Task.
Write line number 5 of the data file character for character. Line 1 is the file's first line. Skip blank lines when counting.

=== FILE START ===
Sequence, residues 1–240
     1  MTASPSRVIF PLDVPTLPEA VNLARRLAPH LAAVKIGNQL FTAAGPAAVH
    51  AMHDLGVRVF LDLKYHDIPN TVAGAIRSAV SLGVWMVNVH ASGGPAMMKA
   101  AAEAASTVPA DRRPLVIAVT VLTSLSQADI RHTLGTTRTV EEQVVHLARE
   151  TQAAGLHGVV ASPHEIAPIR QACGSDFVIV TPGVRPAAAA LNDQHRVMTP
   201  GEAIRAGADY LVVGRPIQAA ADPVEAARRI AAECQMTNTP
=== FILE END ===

   151  TQAAGLHGVV ASPHEIAPIR QACGSDFVIV TPGVRPAAAA LNDQHRVMTP